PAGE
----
BigRep, a global leader in large-scale 3D printing, premiers a host of innovative 3D-printed prototypes for automation and e-mobility applications. Designed by NOWlab, the BigRep innovation consultancy and printed on BigRep's large-scale 3D printers the innovations include two groundbreaking prototypes for e-mobility applications: the world's first fully 3D-printed and functional electric motorcycle, the NERA, and a bionic passenger seat, the Aero Seat. Advancing applications in AM are two other new prototypes, the Adaptive Robotic Gripper, designed for flexible handling applications, and the Omni Platform, a 360° mobile industry platform for fully automated manufacturing environments. For more information see the IDTechEx report on 3D Printing 2018-2028.
"These exciting prototypes not only demonstrate the unprecedented capacity of FFF large-scale 3D printing technology in Additive Manufacturing," said Stephan Beyer, PhD, CEO of BigRep GmbH, "They also emphasize our unique ability as the market's innovation and thought leader to bring cutting-edge technologies from design to reality, providing an added-value market lead for our industrial customers."
Using 3D printing technology for cutting-edge e-mobility solutions, BigRep has developed the world's first fully (FFF) 3D-printed and functional e-motorcycle, the NERA e-motorcycle. As a distinction from similar prototypes, all NERA parts, excluding electrical components, have been 3D-printed, including tires, rims, frame, fork and seat.
"The NERA combines several innovations developed by NOWlab, such as the airless tire, functional integration and embedded sensor technology", explained Daniel Büning, co-founder and Managing Director of NOWlab. "This bike and our other prototypes push the limits of engineering creativity and will reshape AM technology as we know it."
NERA illustrates the massive benefits that 3D printing offers for the production of end-use parts, particularly for batch sizes between lot size one to small series, by reducing lead times and costs, optimizing supply chains and limiting dependency on supplier networks.
In building NERA, the engineers didn't simply adapt existing motorcycle designs, but instead envisioned a bike for large-format FFF technology, setting a benchmark for truly creative design; breaking the limits of traditional mechanical engineering. Among the innovations featured in NERA are the airless tires with customized tread; a lightweight rhomboid wheel rim, as well as flexible bumpers (instead of suspension) and the electric engine, which is fitted in a customizable case.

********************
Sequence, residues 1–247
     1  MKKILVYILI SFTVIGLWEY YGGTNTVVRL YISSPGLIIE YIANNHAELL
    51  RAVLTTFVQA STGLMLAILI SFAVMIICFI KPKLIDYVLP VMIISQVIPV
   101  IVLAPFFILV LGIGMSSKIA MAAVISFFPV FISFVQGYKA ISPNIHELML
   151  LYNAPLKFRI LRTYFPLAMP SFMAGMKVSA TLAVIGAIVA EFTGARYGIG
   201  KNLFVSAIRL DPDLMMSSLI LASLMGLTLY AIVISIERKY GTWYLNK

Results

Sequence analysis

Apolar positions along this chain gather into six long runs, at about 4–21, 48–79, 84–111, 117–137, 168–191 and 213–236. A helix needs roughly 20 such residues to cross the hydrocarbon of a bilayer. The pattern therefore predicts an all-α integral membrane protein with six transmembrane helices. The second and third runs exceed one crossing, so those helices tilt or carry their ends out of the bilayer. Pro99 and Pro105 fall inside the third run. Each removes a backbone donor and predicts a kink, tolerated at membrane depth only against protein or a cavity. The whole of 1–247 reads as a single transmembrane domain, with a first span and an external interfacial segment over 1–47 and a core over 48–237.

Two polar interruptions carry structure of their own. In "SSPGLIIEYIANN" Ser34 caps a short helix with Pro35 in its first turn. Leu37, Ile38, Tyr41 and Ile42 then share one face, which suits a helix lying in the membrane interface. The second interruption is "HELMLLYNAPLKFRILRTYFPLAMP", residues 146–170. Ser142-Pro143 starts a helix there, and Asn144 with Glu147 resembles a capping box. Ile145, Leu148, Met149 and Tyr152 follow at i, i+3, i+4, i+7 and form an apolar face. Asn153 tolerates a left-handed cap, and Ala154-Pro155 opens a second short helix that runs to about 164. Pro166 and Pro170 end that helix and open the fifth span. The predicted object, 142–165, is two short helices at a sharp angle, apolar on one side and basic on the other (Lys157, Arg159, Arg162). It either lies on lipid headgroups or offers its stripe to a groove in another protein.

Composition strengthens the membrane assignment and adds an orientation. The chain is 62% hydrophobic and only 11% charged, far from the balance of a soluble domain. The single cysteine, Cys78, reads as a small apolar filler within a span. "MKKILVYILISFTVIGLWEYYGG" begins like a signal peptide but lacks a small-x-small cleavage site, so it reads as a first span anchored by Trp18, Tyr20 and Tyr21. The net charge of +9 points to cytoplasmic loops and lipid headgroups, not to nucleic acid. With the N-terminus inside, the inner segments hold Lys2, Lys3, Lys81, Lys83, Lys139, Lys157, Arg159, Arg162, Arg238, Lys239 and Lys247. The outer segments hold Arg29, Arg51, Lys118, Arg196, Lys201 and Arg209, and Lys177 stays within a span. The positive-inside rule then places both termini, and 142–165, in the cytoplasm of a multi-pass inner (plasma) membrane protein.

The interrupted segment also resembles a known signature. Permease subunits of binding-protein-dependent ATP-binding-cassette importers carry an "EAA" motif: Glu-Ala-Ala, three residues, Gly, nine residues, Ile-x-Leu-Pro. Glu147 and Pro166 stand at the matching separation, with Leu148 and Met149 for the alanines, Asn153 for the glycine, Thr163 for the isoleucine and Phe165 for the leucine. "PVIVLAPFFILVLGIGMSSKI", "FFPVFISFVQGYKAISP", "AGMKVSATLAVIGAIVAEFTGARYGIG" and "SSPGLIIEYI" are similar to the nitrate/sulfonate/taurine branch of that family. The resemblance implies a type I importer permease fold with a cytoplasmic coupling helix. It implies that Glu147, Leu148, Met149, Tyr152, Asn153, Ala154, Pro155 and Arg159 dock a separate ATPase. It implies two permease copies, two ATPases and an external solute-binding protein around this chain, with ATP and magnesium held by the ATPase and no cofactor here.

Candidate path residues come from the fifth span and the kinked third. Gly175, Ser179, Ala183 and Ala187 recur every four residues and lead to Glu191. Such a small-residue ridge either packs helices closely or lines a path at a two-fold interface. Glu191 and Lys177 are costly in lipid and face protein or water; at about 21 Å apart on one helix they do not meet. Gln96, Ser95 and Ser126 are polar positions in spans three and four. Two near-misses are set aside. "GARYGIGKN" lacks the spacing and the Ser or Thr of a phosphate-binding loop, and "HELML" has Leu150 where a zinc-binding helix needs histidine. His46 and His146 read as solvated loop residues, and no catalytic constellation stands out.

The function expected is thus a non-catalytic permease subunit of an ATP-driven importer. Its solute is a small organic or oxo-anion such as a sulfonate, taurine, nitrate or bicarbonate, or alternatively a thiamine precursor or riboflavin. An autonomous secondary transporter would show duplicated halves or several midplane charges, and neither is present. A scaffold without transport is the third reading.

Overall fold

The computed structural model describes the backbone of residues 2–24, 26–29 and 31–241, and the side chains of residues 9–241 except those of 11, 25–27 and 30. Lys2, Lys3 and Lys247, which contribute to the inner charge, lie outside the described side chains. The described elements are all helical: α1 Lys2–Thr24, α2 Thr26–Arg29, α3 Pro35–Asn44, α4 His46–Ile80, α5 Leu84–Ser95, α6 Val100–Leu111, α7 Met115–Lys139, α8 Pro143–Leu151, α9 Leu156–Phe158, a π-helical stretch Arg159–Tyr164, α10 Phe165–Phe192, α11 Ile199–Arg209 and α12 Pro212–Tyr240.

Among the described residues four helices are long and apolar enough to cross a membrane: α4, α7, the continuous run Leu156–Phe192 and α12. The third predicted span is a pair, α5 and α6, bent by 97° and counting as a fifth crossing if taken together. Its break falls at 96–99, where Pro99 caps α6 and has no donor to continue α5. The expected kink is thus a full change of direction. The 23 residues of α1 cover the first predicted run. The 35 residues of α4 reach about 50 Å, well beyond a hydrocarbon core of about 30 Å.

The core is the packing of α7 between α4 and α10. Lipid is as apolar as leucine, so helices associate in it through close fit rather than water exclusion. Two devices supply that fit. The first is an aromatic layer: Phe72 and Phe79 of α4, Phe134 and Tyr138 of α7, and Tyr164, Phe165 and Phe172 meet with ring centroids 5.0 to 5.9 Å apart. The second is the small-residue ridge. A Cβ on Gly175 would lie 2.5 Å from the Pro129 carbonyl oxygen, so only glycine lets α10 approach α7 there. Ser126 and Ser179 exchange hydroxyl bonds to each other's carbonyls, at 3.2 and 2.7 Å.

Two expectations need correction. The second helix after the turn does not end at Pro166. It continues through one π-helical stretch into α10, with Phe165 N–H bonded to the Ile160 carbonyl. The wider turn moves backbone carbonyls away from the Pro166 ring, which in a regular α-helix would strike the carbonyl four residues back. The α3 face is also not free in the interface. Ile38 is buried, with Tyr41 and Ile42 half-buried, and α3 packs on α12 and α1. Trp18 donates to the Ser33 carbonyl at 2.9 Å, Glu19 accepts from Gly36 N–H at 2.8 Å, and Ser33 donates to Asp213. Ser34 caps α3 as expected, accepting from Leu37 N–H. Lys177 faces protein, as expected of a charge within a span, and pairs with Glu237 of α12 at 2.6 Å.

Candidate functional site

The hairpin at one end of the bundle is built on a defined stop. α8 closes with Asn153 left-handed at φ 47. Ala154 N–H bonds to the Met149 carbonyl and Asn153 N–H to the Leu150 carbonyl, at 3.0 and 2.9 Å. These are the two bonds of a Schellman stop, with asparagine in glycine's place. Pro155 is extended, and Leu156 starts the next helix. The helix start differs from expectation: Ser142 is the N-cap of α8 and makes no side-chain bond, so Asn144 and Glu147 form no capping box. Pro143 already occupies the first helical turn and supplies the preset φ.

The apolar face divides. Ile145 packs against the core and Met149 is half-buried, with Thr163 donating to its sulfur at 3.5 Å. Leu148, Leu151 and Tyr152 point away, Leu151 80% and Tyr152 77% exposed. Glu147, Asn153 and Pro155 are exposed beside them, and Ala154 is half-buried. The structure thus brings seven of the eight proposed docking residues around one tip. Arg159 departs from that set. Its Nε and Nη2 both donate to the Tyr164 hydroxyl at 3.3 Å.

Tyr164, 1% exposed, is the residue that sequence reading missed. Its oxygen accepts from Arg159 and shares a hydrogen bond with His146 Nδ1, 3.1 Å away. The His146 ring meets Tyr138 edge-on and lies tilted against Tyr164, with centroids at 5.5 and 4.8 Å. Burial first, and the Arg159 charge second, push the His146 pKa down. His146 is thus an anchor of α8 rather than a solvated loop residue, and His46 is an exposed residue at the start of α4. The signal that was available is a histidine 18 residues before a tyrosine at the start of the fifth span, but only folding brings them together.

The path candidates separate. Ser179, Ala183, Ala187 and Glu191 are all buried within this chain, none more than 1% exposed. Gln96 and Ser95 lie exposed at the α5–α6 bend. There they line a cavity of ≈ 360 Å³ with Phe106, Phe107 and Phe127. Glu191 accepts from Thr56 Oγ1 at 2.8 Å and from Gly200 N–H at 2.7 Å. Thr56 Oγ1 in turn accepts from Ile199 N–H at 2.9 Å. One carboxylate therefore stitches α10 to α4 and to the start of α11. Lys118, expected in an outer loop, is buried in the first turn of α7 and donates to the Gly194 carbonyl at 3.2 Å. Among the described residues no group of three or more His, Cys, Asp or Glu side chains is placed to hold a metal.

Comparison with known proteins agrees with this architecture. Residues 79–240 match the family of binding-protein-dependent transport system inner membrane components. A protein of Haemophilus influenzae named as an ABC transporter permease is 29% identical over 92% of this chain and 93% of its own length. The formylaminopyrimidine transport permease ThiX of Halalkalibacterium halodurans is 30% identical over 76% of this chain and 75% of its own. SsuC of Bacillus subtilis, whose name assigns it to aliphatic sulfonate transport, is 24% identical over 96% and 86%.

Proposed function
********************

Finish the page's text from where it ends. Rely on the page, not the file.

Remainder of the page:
Another prototype for an e-mobility application is BigRep's Aero Seat, based on aerospace developments, a game-changing passenger seat for autonomous driving technology. This exciting seat shell design has an almost bionic touch, look and feel as the seat adapts to the driver's individual body shape: using a 3D body scan prior to the seat production, the shell will provide its users with an unprecedented level of comfort to reduce the stress and physical discomfort of long-distance travel. Last but not least, flexible material (TPU) was used for printing the seat cushions, which molds to the passenger's body shape. In addition, they are attached to the shell using only a few fixing points to reduce vibrations.
The Adaptive Robotic Gripper has been designed to advance the full integration of robotics into automated AM, more specifically to grip finished parts from BigRep printers. Created on a BigRep STUDIO large-scale printer, the bionic gripper is mounted on a robotic arm. The gripper has three modular fingers and an opposable thumb and is capable of handling objects of any shape by wrapping its "fingers" around it instead of using excess force. It is responsive to pressure with a force-monitoring system that automatically adjusts its grip.
The bionic design of the robotic finger tips is inspired by the lamellae of geckos, that helps them climb walls: each finger segment of the robotic gripper has an additional pad made of flexible lamellae. When force is applied these fine rib structures gently hold the gripped object by their restoring force.
The equally innovative Omni Platform is a 360° mobile industry platform (size: 100 by 80 cm) for highly flexible applications, in automated manufacturing environments and smart factories. It can both serve as an automated logistics carrier (loading capacity: up to 200 kg) and as a platform for additional devices such as robots, for example, to be mounted.
The 3D-printed platform has a fully integrated design, i.e. any bearings or electronics can be integrated during the printing process. Two key elements are special 3D-printed omni wheels with two different materials, allowing the platform to move sideways, and an integrated safety feature (human detection antenna), which was also 3D-printed.
Source and top image: BigRep